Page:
Before proceeding with any plan, ministry officials said they advocate a limited pilot program that would enable the flow of large quantities of water into the Dead Sea while examining the effects on the ecosystem. Transferring brine through pipelines on a limited, closed basis into a southern portion of the northern Dead Sea basin would allow researchers to monitor environmental impact and gain more certainty about the processes that would take place, according to the ministry.

Acknowledging that the World Bank has denied that a small pilot project is a viable option, the ministry stressed the necessity to implement one in the face of possible irreversible consequences. “The Dead Sea is a unique natural resource, and a hasty decision, devoid of real data and tests, is likely to destroy it completely and with it all the tourism in the area,” Environmental Protection Minister Gilad Erdan said. “Launching a preliminary pilot is the only viable option for saving the sea in a responsible manner.”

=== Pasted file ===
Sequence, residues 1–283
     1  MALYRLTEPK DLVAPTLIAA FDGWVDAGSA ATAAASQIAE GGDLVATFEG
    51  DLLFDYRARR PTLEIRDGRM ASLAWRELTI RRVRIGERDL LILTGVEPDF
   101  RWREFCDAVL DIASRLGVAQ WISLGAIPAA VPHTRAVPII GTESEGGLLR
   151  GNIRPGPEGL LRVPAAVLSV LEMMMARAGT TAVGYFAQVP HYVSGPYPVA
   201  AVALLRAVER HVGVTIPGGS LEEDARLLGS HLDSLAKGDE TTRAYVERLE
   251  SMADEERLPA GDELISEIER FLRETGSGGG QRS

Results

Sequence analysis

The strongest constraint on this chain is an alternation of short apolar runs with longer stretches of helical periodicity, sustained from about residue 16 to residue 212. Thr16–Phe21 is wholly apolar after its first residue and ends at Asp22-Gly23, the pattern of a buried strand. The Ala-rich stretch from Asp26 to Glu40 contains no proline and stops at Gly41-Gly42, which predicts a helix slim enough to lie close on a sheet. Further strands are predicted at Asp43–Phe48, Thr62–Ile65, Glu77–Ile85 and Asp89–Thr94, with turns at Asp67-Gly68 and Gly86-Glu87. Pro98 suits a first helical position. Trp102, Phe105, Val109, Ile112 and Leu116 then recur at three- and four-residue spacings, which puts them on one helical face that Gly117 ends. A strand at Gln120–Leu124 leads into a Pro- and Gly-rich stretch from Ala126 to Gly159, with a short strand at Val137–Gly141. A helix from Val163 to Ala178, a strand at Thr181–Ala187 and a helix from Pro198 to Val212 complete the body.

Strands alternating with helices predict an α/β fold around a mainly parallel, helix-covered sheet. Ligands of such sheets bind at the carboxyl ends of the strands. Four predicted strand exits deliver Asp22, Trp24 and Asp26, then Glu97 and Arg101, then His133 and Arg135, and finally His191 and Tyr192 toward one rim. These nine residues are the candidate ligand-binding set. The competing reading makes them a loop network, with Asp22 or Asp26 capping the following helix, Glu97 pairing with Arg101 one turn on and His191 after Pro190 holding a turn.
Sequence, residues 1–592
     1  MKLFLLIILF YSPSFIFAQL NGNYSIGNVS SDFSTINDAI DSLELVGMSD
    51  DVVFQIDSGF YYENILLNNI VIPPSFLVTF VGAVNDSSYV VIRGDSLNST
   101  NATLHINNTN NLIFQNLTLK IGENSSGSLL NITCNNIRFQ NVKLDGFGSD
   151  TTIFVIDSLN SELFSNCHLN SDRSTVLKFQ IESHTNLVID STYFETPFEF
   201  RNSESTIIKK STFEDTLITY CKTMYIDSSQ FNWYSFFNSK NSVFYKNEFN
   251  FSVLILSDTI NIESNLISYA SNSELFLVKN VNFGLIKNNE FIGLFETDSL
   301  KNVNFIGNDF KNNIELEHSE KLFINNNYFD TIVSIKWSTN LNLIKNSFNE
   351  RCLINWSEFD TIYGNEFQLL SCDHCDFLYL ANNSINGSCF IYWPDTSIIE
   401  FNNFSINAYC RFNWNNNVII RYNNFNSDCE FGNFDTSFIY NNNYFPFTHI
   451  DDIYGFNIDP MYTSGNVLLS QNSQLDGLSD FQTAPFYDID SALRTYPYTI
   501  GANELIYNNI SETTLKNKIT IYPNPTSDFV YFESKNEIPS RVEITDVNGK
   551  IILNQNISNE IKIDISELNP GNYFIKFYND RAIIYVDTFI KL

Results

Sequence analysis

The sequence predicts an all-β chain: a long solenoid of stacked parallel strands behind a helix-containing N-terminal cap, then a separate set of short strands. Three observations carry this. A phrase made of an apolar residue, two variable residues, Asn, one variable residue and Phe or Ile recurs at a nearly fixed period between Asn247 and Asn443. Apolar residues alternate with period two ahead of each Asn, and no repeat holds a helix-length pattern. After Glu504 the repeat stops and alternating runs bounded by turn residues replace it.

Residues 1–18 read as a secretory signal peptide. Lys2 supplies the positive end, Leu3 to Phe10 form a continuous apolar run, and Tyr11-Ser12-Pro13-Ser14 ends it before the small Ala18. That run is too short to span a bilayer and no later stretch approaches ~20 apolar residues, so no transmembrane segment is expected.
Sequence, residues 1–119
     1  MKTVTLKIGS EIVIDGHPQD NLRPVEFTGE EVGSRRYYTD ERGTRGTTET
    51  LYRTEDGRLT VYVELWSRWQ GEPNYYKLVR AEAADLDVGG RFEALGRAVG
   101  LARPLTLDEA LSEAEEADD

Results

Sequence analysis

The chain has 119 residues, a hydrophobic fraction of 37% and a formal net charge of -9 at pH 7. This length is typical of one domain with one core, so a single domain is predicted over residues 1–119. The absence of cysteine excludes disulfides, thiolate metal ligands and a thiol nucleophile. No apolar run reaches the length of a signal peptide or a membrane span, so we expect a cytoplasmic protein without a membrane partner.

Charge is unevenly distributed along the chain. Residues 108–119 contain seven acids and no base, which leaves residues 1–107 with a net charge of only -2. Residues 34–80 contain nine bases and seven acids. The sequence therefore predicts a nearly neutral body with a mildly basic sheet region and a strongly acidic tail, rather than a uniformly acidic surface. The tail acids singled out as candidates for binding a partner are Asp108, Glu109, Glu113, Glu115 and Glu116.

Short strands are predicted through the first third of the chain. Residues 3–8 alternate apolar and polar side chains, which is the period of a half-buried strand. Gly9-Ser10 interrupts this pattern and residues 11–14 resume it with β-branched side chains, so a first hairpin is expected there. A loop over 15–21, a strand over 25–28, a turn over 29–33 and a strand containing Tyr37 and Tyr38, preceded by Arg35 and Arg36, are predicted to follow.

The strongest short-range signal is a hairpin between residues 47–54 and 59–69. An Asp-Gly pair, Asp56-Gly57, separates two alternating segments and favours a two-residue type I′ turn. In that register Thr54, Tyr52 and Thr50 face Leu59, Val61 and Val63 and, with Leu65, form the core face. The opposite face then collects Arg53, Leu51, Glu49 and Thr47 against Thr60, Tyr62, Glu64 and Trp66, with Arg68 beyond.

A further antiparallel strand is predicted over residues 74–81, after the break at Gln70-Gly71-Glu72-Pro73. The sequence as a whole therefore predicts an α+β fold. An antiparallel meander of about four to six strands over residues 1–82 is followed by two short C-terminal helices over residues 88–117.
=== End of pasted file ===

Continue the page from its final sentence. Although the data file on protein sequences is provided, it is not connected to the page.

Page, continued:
Friends of the Earth, on the other hand, has championed the combination option suggested in the study of alternatives, that calls for combining Aqaba and Mediterranean desalination with Turkish water import, conservation and water recycling – the last of which could also be used to the Jordan River’s benefit.

“There’s no need for pilots because everything is using existing technologies,” Bromberg said. “For your money, you get double impact – not only do you get rehabilitation of the Dead Sea but also partial rehabilitation of the Jordan River.”

“We are calling on our own governments to support the combination of alternatives, and in that manner we can rehabilitate both the Lower Jordan River and the Dead Sea, providing more affordable [water] prices to our own people,” he said.